Robert Krut


You received an invitation.
On the invitation, a blueprint of a building.
On the envelope an insignia of a clock-faced sun, 
an arrow through its core. 


The building is on the outer rim of the city,
the street with the sinkhole from the last storm. 
Above its entrance, a bas relief of a god
assembling the world, or taking it apart in pieces. 


In the vestibule, a crate of old fruit,
strawberries now white with fur.
In the lobby, a blue doorman’s hat, upside down, 
a beetle scurrying along its insides. 


On the sixth floor, the top floor,
a block of sun cubes itself through the hallway. 
The carpet pattern starts as two thick lines
that turn to lightning bolts further down. 


A door opens down the hall,
a sunglassed, bearded man sets out a bag of groceries, 
goes inside, then comes out again to take it
back inside, an orange dropping in transit.


Near the window, the dead end of the hallway, 
a one-armed bartender prepares your cocktail. 
On his eye patch, mother of pearl circled
by stitching of a solar system. 


Speechless, he makes your drink:
water in a mason jar, then six spoonfuls of sugar, 
then, from an eye dropper, six tear drops of arsenic, 
then more sugar, a thin slice of horizontal lemon. 


A chair sits at the hallway window and you take it. 
Behind you, the bartender walks away,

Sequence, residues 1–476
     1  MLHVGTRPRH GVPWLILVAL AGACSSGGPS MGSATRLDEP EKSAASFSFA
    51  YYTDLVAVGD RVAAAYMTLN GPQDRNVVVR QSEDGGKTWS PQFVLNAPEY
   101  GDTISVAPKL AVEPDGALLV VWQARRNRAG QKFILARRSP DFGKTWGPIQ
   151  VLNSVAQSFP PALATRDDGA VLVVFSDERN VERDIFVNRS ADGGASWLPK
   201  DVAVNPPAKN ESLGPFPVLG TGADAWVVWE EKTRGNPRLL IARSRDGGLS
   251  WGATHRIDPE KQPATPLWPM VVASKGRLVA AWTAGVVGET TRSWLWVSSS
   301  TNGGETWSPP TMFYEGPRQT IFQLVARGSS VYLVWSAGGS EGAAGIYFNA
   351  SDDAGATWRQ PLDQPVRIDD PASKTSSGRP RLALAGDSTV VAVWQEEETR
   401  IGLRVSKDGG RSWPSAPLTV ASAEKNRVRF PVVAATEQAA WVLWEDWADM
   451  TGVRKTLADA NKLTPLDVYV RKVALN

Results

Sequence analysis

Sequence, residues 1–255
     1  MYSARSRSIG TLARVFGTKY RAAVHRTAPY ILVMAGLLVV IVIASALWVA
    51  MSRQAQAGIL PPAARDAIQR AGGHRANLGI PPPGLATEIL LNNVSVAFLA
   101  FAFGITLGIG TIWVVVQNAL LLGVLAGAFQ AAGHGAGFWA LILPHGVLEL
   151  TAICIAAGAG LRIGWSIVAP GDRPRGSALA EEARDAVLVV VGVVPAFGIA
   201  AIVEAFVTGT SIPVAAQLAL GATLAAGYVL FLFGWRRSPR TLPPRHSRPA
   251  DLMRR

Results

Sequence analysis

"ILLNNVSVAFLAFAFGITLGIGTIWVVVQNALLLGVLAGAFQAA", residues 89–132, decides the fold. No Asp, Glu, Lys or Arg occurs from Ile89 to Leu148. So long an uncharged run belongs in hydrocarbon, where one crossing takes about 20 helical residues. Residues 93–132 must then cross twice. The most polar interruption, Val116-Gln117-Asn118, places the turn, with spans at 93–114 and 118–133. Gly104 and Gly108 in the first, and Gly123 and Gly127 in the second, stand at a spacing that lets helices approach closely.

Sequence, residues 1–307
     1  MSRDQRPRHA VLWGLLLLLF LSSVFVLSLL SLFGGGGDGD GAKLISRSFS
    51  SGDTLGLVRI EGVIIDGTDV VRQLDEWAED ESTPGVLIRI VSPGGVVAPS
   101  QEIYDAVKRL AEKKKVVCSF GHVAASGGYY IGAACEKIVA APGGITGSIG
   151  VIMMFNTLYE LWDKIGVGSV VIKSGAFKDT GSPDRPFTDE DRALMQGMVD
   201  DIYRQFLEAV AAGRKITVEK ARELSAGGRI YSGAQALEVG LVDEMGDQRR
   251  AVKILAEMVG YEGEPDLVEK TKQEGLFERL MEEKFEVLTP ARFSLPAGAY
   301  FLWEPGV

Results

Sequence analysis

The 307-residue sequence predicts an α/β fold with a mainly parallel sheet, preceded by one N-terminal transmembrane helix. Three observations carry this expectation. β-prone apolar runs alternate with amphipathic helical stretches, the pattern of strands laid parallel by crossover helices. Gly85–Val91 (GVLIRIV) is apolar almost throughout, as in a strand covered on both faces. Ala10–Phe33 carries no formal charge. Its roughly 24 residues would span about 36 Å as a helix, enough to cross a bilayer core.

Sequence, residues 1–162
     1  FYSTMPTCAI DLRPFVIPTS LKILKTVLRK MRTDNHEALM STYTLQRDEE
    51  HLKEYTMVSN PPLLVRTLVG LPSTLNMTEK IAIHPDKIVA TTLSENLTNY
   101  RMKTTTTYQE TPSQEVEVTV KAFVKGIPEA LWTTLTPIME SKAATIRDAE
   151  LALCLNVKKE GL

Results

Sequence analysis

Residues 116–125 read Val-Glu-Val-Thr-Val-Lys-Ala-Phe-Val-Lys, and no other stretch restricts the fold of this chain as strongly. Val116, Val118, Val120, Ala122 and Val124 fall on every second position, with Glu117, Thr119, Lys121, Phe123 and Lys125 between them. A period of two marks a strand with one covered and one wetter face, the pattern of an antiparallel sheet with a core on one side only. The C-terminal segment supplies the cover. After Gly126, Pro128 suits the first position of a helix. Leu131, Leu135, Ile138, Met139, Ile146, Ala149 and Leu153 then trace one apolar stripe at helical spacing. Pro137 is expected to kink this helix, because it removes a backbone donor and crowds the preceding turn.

picks up the dropped orange, heads down the stairs. 
It is silent. 


You clutch the arm rests, a skull carved into each elbow. 
Through the window, you see the sinkhole,
looking like the imprint of a missing boulder,
like the busted mouth of the Earth. 


Reaching for your drink, your arm
is a phantom limb.
Looking in the glass,
an iris cups the surface of the liquid. 


And you can see out the window:
a compass of bodies, from all directions, 
walk toward the hole, wordless,
climb in and vanish. 


Never even breaking pace, 
never hearing you shout
stop at the top of your lungs
through a mouthless face-- 


--as they disappear, disappear, 



Robert Krut is the author of two books: This is the Ocean (Bona Fide Books, 2013), which received the Melissa Lanitis Gregory Poetry Award, and The Spider Sermons (BlazeVox, 2009). His work has appeared in journals like Gulf Coast, Passages North, Blackbird, and Vinyl Poetry, among others. More information can be found at